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Neurobiol Aging. 2014 Sep;35 Suppl 2:S74-8. doi: 10.1016/j.neurobiolaging.2014.03.033. Epub 2014 May 14.

Dietary and lifestyle guidelines for the prevention of Alzheimer's disease.

Author information

1
Department of Medicine, George Washington University School of Medicine, Washington, DC, USA; Physicians Committee for Responsible Medicine, Washington, DC, USA. Electronic address: nbarnard@pcrm.org.
2
Florey Institute of Neuroscience and Mental Health, University of Melbourne, Melbourne, Australia.
3
Department of Neurology, Brigham and Women's Hospital, Laboratory for Neuroimaging Research, Partners MS Center, Harvard Medical School, Boston, MA, USA.
4
Department of Medicine, George Washington University School of Medicine, Washington, DC, USA.
5
Oxford Project to Investigate Memory and Ageing (OPTIMA), Nuffield Department of Clinical Medicine, University of Oxford, Oxford, UK.
6
Department of Psychology, University of Pittsburgh, Pittsburgh, PA, USA.
7
Department of Epidemiology and Biostatistics, School of Public Health, Loma Linda University, Loma Linda, CA, USA.
8
Department of Psychiatry and Behavioral Sciences, Stanford University School of Medicine, Stanford, CA, USA.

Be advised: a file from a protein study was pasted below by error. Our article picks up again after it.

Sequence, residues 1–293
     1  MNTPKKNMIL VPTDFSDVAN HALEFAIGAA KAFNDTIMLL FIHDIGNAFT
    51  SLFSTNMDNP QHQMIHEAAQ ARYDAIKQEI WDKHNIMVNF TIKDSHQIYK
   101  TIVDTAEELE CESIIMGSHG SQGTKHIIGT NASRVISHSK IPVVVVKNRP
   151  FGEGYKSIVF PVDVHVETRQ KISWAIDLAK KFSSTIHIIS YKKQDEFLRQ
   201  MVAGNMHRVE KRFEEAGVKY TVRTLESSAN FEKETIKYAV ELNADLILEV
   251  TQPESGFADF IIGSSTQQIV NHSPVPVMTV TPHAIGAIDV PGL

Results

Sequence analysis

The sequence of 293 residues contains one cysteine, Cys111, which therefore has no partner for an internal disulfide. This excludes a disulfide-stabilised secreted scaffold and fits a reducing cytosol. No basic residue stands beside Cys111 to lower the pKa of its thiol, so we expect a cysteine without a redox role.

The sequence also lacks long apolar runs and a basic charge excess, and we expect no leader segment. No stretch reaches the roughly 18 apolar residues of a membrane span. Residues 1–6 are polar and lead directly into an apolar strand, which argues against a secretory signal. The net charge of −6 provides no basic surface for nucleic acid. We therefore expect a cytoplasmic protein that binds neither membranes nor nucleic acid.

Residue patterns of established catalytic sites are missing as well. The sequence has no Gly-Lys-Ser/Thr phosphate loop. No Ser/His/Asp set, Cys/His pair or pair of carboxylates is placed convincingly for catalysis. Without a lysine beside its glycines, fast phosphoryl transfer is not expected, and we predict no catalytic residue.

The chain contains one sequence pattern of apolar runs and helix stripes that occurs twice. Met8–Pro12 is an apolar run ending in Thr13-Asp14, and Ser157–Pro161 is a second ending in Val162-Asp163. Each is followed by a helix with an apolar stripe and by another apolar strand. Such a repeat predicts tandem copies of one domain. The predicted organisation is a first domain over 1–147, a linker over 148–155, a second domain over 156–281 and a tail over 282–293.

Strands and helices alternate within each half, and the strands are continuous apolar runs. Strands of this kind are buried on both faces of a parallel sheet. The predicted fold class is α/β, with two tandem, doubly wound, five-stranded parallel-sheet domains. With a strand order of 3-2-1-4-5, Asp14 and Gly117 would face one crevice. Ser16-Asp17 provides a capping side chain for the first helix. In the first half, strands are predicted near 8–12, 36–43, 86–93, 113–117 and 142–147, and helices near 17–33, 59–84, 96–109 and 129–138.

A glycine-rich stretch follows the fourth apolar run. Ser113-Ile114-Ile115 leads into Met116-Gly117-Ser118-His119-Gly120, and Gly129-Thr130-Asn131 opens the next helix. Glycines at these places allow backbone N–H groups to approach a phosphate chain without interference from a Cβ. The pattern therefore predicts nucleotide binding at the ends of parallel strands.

9
Physicians Committee for Responsible Medicine, Washington, DC, USA.
10
Department of Neurology, Washington University School of Medicine, St Louis, MO, USA.
11
Section on Nutrition and Nutritional Epidemiology, Department of Internal Medicine, Rush University, Chicago, IL, USA.
12
Department of Neuroscience, AFaR-Fatebenefratelli Hospital "San Giovanni Calibita," Rome, Italy; Laboratory of Neurodegeneration, Istituto Di Ricovero e Cura a Carattere Scientifico (IRCCS) San Raffaele Pisana, Rome, Italy.

Abstract

Risk of developing Alzheimer's disease is increased by older age, genetic factors, and several medical risk factors. Studies have also suggested that dietary and lifestyle factors may influence risk, raising the possibility that preventive strategies may be effective. This body of research is incomplete. However, because the most scientifically supported lifestyle factors for Alzheimer's disease are known factors for cardiovascular diseases and diabetes, it is reasonable to provide preliminary guidance to help individuals who wish to reduce their risk. At the International Conference on Nutrition and the Brain, Washington, DC, July 19-20, 2013, speakers were asked to comment on possible guidelines for Alzheimer's disease prevention, with an aim of developing a set of practical, albeit preliminary, steps to be recommended to members of the public. From this discussion, 7 guidelines emerged related to healthful diet and exercise habits.

KEYWORDS:

Alzheimer's disease; Copper; Dementia; Exercise; Iron; Nutrition; Prevention; Saturated fat; Trans fatty acids; Vitamin E

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